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Developers Drawn Back Into Governor's Tree Fight

Developers Drawn Back Into Governor's Tree Fight

A last-minute substitute of a tree ordinance bill in the Senate could involve commercial development, especially in San Antonio. 

Gov. Greg Abbott put municipal regulation of trees on the call for the 30-day special session underway. The House passed its own version of a tree ordinance bill — which Abbott vetoed after the regular session. Tuesday, a Senate committee dropped in its own language before passing it to the Senate floor.

The Senate bill could significantly loosen restrictions on how heritage trees are handled, both in residential and commercial development, according to the Texas Municipal League. The House version was limited to mitigation fees, and an earlier Senate version excluded commercial development. 

New language would apply restrictions to residential and commercial property, preventing cities from regulating the maintenance of larger trees in extra-territorial jurisdiction. That could be especially harmful to San Antonio, which has seen so much growth just outside of the city limits along Loop 1604.

Additional changes remove regulation of trees with a circumference of less than 24 inches and strike mitigation fees for trees that are diseased or dead. Under the Senate bill, homeowners would pay lower mitigation fees than commercial developers.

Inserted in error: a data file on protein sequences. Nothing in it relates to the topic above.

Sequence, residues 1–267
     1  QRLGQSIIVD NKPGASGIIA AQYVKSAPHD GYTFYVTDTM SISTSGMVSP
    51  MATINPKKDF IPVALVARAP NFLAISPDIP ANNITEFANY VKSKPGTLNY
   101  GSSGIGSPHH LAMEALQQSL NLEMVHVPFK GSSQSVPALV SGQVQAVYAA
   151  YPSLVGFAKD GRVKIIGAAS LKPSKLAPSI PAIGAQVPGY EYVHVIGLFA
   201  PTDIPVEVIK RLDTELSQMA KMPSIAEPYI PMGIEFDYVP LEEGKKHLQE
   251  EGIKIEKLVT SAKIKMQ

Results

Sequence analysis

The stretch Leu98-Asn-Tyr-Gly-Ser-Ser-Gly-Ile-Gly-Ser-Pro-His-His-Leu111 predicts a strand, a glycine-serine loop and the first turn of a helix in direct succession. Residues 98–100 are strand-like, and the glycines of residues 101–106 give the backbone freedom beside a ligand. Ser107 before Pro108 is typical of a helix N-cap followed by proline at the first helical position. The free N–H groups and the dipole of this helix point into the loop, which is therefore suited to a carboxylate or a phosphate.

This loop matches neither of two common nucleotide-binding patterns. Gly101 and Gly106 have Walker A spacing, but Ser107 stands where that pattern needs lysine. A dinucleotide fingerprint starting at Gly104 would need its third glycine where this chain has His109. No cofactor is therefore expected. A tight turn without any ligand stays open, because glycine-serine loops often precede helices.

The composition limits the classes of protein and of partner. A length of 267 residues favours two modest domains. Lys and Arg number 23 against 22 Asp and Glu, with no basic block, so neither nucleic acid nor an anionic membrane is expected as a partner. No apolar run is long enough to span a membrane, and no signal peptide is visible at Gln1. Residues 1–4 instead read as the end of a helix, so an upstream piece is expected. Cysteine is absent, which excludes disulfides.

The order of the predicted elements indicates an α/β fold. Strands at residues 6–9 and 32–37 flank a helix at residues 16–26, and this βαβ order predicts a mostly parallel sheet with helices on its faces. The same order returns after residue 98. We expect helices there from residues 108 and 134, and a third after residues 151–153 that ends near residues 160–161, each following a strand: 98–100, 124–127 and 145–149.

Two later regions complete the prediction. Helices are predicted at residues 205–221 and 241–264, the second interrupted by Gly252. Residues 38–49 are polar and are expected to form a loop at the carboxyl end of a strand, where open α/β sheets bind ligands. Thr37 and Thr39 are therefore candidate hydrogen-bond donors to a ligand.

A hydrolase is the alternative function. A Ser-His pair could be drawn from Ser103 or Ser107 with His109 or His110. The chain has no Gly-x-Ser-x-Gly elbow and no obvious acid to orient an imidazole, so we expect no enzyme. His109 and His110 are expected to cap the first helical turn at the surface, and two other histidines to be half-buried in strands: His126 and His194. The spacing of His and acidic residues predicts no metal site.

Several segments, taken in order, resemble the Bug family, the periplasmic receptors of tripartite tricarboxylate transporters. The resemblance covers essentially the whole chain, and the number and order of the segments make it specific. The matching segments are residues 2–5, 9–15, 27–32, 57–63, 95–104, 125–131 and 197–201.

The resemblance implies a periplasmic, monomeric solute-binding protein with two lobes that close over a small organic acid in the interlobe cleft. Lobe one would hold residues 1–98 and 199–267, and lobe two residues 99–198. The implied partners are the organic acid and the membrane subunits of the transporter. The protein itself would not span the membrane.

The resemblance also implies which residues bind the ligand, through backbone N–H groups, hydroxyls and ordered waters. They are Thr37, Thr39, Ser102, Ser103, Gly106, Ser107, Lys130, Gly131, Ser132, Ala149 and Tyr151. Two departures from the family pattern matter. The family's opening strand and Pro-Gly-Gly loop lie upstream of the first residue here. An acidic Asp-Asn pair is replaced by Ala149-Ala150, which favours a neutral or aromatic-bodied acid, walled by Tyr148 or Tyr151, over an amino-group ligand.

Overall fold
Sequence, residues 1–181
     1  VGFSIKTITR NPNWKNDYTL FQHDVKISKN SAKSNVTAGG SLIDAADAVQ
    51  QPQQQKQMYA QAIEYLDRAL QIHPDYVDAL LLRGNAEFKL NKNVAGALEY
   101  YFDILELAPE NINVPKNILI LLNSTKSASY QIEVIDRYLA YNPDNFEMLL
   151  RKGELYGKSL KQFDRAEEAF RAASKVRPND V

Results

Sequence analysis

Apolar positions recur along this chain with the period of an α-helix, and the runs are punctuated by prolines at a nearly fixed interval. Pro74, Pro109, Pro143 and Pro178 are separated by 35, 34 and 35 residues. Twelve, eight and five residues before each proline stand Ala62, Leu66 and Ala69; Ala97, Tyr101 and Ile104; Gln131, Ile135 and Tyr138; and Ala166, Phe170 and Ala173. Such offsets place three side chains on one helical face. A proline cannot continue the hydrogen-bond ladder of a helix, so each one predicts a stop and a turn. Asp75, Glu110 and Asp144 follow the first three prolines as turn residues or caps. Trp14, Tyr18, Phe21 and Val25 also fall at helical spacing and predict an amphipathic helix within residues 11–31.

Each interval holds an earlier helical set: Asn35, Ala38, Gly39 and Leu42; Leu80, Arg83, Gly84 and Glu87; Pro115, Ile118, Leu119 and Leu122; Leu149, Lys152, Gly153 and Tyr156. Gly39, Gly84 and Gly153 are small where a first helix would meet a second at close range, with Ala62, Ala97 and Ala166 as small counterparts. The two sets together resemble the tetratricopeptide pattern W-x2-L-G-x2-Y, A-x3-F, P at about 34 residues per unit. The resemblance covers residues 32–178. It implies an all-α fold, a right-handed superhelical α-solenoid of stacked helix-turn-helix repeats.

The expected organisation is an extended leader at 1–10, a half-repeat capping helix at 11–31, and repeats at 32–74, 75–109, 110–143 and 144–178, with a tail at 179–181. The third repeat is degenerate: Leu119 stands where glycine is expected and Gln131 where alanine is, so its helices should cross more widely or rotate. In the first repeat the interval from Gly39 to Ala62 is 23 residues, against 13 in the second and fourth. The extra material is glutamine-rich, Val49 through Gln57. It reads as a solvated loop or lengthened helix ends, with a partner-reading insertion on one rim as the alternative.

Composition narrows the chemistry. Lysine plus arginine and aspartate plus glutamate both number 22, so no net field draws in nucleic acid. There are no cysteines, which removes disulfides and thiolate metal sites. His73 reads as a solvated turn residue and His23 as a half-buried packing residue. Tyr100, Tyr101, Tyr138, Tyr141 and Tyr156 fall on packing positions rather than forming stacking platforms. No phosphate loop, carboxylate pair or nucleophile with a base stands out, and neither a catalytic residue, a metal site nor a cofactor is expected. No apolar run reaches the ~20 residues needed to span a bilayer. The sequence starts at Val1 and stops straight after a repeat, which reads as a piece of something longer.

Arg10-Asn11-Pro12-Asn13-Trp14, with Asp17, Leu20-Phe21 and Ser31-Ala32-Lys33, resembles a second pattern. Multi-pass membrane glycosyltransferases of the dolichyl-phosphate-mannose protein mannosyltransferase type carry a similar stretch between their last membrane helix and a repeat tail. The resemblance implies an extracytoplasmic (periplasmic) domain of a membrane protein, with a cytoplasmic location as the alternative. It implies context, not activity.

Tuesday morning, San Antonio Council Member Manny Palaez testified against the Senate version of the bill. 

“San Antonio’s current tree ordinance not only protects our environment, it also reflects the unique needs of our military bases," Palaez told the Senate Business and Commerce Committee. "Trees help buffer light, protecting night-training missions, and help buffer noise. The military has been unequivocal in telling us these issues matter to them when considering base closures and mission realignment. We can’t afford to let the Senate and governor put hundreds of thousands of military-related jobs at risk.”  

The Texas Municipal League considers the tree ordinance bill overreach.

The bill, if passed by the Senate, would have to go to conference committee. It is not expected the House would agree to the changes made by the Senate.